The Guts of a Leader

Tuesday, March 09, 2010
Little known fact: my youngest son BJ's given name is Jonathan. He is named after the son of King Saul and the best friend of King David. His story is told in 1 and 2 Samuel in the Old Testament. The story told in 1 Samuel 14 is one of the reasons my son has his name.

The army of Israel is going into battle against their arch-enemies, the Philistines. The Israelites are outmanned and outarmed. They are relying solely on the element of surprise but even with that the odds are stacked against them.

Jonathan is itching for a fight, itching to vindicate the name of his God.

So he takes his right hand man and sneaks away from his father's army. They make a treacherous journey between two rocky cliffs and come close enough to hear the snores of the enemy army. Maybe Jonathan's assistant is getting cold feet, because Jonathan feels the need to pause and declare:

"Perhaps the Lord will help us, for nothing can hinder the Lord. He can win a battle whether he has many warriors or only a few" (v. 6).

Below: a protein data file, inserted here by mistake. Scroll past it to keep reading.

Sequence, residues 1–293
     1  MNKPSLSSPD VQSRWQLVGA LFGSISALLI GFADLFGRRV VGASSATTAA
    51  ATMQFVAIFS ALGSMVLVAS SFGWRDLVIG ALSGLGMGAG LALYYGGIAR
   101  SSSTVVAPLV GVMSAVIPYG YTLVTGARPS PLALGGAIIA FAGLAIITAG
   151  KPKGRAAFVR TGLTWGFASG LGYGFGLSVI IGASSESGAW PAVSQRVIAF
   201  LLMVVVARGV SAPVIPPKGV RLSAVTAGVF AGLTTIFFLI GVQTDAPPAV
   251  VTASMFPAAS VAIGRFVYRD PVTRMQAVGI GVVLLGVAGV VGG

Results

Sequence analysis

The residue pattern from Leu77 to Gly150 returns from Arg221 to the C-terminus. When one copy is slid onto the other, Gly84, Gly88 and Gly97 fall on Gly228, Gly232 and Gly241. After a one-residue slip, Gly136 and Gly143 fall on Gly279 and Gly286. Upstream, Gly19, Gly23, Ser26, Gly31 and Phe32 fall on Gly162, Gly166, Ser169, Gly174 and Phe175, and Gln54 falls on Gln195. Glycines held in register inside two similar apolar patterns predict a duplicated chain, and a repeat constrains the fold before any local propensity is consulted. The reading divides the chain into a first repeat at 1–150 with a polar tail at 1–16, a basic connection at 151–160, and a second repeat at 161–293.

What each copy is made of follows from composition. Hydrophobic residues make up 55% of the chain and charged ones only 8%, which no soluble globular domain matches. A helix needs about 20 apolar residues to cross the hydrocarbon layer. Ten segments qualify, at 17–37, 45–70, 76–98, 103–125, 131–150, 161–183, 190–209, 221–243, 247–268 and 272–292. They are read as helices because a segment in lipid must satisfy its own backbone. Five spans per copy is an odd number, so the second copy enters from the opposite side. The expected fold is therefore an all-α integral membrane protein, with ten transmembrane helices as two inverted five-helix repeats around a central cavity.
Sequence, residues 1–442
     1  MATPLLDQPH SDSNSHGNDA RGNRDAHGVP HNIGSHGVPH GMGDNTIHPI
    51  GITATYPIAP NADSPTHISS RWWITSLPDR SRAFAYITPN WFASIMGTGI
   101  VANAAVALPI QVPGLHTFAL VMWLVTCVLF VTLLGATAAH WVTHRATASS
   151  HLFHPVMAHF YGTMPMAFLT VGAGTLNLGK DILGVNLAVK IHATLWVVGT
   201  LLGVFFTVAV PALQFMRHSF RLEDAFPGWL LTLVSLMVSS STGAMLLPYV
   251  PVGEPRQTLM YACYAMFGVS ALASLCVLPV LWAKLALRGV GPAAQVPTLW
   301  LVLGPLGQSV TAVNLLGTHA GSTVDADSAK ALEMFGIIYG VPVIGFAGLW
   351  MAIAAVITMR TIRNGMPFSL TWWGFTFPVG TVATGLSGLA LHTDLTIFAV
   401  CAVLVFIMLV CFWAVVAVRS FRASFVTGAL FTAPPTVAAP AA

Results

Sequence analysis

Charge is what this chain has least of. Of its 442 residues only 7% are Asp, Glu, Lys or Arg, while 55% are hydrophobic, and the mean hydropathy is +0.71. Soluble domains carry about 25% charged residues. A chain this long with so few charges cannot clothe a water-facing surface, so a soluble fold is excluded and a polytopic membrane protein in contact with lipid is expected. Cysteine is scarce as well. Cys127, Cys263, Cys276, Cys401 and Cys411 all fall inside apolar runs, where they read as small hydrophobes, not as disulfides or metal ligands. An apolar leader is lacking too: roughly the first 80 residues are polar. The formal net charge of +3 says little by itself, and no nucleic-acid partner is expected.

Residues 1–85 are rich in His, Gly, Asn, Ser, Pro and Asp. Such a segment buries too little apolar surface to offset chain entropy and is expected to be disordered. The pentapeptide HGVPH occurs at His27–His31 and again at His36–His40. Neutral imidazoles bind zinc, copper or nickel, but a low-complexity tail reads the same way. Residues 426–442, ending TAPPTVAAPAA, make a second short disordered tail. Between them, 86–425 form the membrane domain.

In a matter of minutes, Jonathan and his lieutenant catch the enemy offguard, kill twenty of them by themselves and strike panic in the rest of the Philistine army, which runs away.

I love the story and what it says about life and leadership.

1. Jonathan took initiative. He didn't even tell his father where he was going, but he saw what needed to be done and he did it.

2. Jonathan placed his trust in God, not in himself. And his courage was contagious.

3. Jonathan always had a bias for action. Instead of waiting for a better opportunity or bringing in reinforcements (either of which course of action could have been justified) he seized the leadership moment.

Great leaders take initiative, trust in God above all else, and act boldly and decisively.

In your life or work where can you do one or all three of those things?

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